Playing Defense Won’t Win the Day for Climate Communicators

Al Gore’s 24-hour climate change communications blitz faced a stiff challenge in its efforts to define the message while, in effect, playing defense. A challenge for climate communicators: How to re-capture the offensive.

There’s a cardinal rule of politics: If you don’t define your message (or campaign), your opponent will. The objective is to set the terms of the debate. Generally speaking, playing defense is not a winning strategy.


And that’s why former President Al Gore’s “Climate Reality” event is unlikely to advance the climate conversation to a new, elevated place in the public mind. To understand why, let’s look at the motivating factor behind the 24-hour multimedia broadcast, which Gore explained in an interview with the Washington Post earlier this week:

“This presentation is a defense of the science and the scientists, against the timeworn claims by deniers.”

Such a strategy, besides forcing Gore & company into a defensive crouch, is built on the assumption that “deniers” are the primary reason for the stalemated climate politics and the public’s insufficient attention to climate change.

This approach presumes the public is also not getting a steady diet of well-communicated climate science facts, an assumption increasingly challenged.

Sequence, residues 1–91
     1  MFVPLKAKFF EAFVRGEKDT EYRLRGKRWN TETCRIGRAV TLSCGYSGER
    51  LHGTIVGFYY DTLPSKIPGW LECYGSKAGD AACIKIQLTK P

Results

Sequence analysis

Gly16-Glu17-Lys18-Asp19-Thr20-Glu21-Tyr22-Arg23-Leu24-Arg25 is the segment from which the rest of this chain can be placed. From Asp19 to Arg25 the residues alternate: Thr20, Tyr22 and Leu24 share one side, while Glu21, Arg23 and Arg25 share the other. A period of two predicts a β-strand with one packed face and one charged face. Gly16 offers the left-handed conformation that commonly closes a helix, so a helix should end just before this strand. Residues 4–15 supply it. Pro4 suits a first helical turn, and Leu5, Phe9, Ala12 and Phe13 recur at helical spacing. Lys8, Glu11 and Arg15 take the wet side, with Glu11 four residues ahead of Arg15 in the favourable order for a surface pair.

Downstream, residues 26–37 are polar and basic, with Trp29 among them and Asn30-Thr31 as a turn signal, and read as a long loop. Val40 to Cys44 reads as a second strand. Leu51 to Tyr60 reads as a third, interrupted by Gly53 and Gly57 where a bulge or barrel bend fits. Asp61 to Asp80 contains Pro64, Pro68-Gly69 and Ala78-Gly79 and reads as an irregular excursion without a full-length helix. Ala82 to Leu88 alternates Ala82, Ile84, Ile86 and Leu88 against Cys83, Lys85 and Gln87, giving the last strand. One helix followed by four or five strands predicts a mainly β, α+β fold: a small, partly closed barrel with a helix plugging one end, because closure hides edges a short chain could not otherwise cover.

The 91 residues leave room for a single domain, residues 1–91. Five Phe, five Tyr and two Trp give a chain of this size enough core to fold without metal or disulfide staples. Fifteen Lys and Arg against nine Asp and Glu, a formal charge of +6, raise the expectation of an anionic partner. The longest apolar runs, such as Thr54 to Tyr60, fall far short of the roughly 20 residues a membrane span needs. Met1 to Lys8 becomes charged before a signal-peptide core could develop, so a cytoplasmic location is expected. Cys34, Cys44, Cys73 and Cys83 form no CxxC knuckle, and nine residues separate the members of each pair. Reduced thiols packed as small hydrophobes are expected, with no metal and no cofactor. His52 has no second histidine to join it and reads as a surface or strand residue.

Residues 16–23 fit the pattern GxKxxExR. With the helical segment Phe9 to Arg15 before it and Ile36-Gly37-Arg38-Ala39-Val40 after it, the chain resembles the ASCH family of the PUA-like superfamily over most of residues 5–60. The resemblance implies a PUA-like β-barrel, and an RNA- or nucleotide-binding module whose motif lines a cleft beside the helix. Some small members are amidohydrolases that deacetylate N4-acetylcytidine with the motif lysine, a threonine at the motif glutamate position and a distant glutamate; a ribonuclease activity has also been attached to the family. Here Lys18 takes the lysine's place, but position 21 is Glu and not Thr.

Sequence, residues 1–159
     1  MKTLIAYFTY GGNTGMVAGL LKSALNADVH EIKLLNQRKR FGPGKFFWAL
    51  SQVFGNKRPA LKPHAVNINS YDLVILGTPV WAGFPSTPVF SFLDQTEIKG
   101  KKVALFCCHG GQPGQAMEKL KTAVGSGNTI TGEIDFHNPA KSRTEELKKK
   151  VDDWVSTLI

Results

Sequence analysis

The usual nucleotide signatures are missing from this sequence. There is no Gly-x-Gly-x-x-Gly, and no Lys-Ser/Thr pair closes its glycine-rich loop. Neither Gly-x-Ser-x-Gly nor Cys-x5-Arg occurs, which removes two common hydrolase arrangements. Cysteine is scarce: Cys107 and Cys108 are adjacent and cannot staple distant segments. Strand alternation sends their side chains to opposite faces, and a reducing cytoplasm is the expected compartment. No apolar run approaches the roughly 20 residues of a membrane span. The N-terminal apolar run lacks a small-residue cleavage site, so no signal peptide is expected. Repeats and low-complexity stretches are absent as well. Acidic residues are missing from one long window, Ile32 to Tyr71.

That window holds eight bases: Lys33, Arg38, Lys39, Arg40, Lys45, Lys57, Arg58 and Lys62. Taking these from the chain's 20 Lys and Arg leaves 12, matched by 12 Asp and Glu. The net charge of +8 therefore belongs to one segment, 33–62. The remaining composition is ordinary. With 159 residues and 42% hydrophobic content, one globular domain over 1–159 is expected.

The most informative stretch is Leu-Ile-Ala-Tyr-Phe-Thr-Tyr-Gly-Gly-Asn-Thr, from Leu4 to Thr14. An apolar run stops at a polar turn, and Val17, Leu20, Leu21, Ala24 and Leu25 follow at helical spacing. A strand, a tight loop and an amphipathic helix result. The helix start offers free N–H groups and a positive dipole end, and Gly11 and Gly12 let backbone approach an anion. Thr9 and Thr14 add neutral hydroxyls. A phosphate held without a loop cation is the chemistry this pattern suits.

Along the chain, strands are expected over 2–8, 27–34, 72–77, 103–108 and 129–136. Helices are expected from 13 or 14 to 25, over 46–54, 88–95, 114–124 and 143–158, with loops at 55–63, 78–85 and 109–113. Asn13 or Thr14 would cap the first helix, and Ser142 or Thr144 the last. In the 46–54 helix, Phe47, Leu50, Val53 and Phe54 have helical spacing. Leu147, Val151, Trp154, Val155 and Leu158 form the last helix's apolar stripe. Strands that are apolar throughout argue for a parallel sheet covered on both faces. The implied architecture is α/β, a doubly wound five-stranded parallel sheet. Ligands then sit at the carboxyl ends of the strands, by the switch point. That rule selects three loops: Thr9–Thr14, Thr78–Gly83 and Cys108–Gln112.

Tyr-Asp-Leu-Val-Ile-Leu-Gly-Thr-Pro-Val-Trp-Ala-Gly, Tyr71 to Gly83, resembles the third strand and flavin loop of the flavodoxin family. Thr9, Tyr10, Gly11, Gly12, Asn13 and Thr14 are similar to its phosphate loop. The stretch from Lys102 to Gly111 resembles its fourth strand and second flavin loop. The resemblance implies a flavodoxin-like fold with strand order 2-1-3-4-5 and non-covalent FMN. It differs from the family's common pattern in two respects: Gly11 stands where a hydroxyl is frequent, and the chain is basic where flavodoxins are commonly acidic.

For example, over at Climate Progress, a popular blog on climate change issues, an Australian educator recently asserted:

“We’ve got to realize that telling the truth again and again isn’t getting through in a society that navigates by ‘truthiness.’”

Truthiness is a term coined by the comedian Stephen Colbert. Wikipedia defines it as “‘truth’ that a person claims to know intuitively ‘from the gut’ in that it ‘feels right’ without regard to evidence, logic, intellectual examination, or facts.”

But Joe Romm, the editor of Climate Progress, disagreed with his reader:

“Nobody is telling the truth again and again … There was a brief window when they did and it worked. When people explained the science — Gore and the IPCC — media coverage and public opinion rose together. When people stop explaining the science, both fell.”

This logic seems to be Gore’s operating premise, as well. Hence his high profile reemergence as a climate spokesman in recent months, and as the organizing force behind this week’s “Climate Reality” event.

Bryan Walsh at Time takes stock of Gore’s latest initiative and also offers a nuanced take on the public’s lessened interest in climate change:

“In 2007 and 2008 — in the wake of Gore’s Oscar-winning documentary An Inconvenient Truth — a solid majority of Americans saw climate change as a direct threat to their families. But that support has eroded — a recent Gallup poll found that just 53 percent of Americans saw climate change as a threat, and Washington has remained gridlocked on the issue. There are countless reasons why that’s the case — a cratering economy, overrepresentation of fossil-fuel interests in Congress, simple fatigue — but there’s no denying the fact that Gore and his allies have so far failed to convince enough Americans to share their urgency over global warming.”